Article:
Today’s post title is one that i’m going to use for the posts where I will be sharing links to things I found interesting, inspiring, exciting etc…. I will talk a little about the site I’ll link to, why I like it and where I found it (if from someone else’s blog/pinterest/blog facebook) So here is my first batch of Linky Love 🙂
- I love history and art and creative things so I was really excited when several people on facebook posted about the MET in New York putting a whole bunch of their print catalouge online, available as downloadable PDF’s! (there are 370 titles available) History of textiles, 18th century fashion, ceramics, paintings just to name a few. Go check it out at The MET website.
- Historical cookery as you know is something I like to explore and while reading the Two Nerdy History Girls blog recently they mentioned going to Colonial Williamsburg (as have many other costumers whose blogs I read) But these ladies mentioned food being prepared on their visit by members of Colonial Williamsburg’s Historic Foodways program who have a website called History is Served! full of original source recipes with modern versions for home cooks to try!!!
- Staying with historical cookery for another moment I’d like to share a resource I found a long time ago when I played in The SCA as a Uni student and which I still like to go and use when I want to make something a little different. Introducing Gode Cookery a big fat rambling collection of Medieval and Renaissance recipes adapted for the modern kitchen. Have fun and be prepared to stay there a while 🙂
Well that’s it for today and I hope you enjoy them. Hopefully I’ll get myself organised and put some pictures to some other posts I’m working on, so you can all see what else i’ve been up to lately.
Well as I mentioned not to long ago I bought a copy of A feast of Ice and Fire cookbook and have been trying various recipes from it and I must say that I am really enjoying the medieval recipe adaptations they have used as they have tasted great so far!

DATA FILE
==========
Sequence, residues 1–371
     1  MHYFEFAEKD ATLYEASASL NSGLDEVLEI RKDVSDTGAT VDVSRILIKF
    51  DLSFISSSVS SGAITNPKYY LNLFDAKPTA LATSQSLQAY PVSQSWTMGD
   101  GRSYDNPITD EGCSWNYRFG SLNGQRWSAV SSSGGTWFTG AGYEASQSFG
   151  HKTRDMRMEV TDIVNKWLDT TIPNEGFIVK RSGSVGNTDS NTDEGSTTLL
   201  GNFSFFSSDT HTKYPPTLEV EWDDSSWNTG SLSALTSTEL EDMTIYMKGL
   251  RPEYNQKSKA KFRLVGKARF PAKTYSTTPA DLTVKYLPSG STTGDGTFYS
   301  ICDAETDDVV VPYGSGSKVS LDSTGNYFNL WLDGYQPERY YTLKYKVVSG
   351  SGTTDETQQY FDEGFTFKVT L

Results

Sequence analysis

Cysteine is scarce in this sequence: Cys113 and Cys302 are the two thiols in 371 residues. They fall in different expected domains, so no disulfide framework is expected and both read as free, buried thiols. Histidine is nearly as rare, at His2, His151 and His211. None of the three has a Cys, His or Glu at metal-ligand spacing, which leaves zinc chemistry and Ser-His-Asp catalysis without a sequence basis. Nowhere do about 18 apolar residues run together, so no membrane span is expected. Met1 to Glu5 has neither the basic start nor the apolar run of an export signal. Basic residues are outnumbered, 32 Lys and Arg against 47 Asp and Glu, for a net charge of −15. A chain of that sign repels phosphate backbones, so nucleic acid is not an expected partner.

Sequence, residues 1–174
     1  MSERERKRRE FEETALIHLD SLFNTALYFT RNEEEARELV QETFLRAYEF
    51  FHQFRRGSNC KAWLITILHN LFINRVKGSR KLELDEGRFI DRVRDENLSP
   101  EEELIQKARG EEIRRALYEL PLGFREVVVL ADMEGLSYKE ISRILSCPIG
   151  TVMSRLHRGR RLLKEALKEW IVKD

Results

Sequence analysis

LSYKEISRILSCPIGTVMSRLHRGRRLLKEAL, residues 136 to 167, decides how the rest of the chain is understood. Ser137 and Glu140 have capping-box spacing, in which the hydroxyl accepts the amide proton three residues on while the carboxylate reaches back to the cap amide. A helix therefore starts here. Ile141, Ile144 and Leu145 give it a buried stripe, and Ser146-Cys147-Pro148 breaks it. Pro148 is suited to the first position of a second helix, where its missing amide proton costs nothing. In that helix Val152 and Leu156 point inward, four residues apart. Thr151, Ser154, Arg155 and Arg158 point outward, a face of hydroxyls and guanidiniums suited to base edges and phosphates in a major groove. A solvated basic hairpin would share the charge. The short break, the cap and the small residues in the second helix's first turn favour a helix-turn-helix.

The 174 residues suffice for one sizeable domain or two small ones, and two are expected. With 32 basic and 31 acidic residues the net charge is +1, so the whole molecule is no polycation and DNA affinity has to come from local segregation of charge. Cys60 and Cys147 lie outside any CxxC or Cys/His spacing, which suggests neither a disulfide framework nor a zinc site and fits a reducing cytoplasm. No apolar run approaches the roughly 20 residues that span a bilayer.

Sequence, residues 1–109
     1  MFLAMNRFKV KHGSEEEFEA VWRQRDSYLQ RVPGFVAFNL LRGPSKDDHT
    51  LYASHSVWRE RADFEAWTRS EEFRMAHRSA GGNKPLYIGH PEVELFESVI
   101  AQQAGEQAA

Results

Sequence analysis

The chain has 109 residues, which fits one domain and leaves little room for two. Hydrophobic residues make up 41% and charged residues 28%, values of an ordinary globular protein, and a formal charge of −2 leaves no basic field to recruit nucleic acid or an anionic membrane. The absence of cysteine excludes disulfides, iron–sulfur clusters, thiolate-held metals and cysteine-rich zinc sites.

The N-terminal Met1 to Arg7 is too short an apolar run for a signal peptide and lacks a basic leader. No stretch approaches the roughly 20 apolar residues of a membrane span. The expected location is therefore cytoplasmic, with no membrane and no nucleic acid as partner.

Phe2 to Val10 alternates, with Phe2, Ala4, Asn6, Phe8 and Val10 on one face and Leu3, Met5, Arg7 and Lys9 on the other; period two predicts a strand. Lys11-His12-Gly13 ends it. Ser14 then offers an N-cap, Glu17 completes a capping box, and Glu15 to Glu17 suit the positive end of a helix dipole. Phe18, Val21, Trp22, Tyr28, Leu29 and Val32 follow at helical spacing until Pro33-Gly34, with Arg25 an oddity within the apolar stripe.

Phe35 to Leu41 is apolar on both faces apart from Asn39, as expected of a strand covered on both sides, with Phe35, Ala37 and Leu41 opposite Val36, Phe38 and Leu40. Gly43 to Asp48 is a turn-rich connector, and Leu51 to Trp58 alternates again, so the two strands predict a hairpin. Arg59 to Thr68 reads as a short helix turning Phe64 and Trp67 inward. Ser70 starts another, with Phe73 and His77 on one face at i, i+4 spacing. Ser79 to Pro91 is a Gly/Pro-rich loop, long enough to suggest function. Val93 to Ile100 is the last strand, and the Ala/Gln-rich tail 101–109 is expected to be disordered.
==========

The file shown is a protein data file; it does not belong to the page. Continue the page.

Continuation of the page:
I should probably admit that I am a fan of historical cookery books and such, as I find them facinating insights into the lives of people from the past. They also present us with some intereting flavour combinations that can be a challange to our modern pallete. I particularly enjoy the medieval period (have found it fascinating since I was a young teen) and was introduced to medieval cooking when I was part of the SCA when I went to University. My historical food interest has branched out into other era’s since then and I am slowly collecting some very nice books too 🙂
So! Considering the title of this post I should probably post some pictures of the recipes I’ve tried from a Feast of Ice and Fire shouldn’t I?
Elizabethan fruit buns:
Which had a mix of currants, apple, pine nuts and a mix of medieval spices. These were sooooo addictive and smelled really wonderful while I made them. They are quite time consuming to make as it takes several hours to make the dough then you have to assemble the buns, but it’s worth it.
Breakfast in Dorne:
Which consists of “fiery” peppers and a scramble of spicy eggs which I served with toast spread with Hummus (that last one is me taking liberties with the suggestion of flat bread with chick pea paste) and it is fabulous! I loved this so much and the recipe made enough for me to have 2 meals out of it 🙂 The really good thing about this recipe is you can adjust the “fieryness” by using chillies that suit your spicy tolerance
Elizabethan Lemon cakes:
These were more like a biscuit (cookie for my friends in North America) than a cake and were really sweet which is not suprising as the Elizabethans had massive sweet tooths! I felt while I was making them that the mix was a bit dry so I added some of the juice form the lemon that was used for it’s rind in the recipe and it seems to have worked out ok as they were really popular with some of my friends 🙂
I’ve also made the bean and bacon soup recipe which I really loved, but I ate it all and forgot to take a photo before I finished it. As I was all about the soup eating and not the picture taking at the time.
In the near future I want to make the blueberries with sweet cream as I have a blueberry bush in a pot in the yard that is loaded with immature fruit. So that will give me another way to eat them and hopefully convince me not to eat them all straight off the bush!
Have any of you tried a recipe from times past? what did you think of it? I’d love to hear about other peoples experiences.
Well that’s it for now! if you want more Game of Thrones food posts make sure to visit Inn at the crossroads as it’s run by the same two lovely ladies who wrote the book.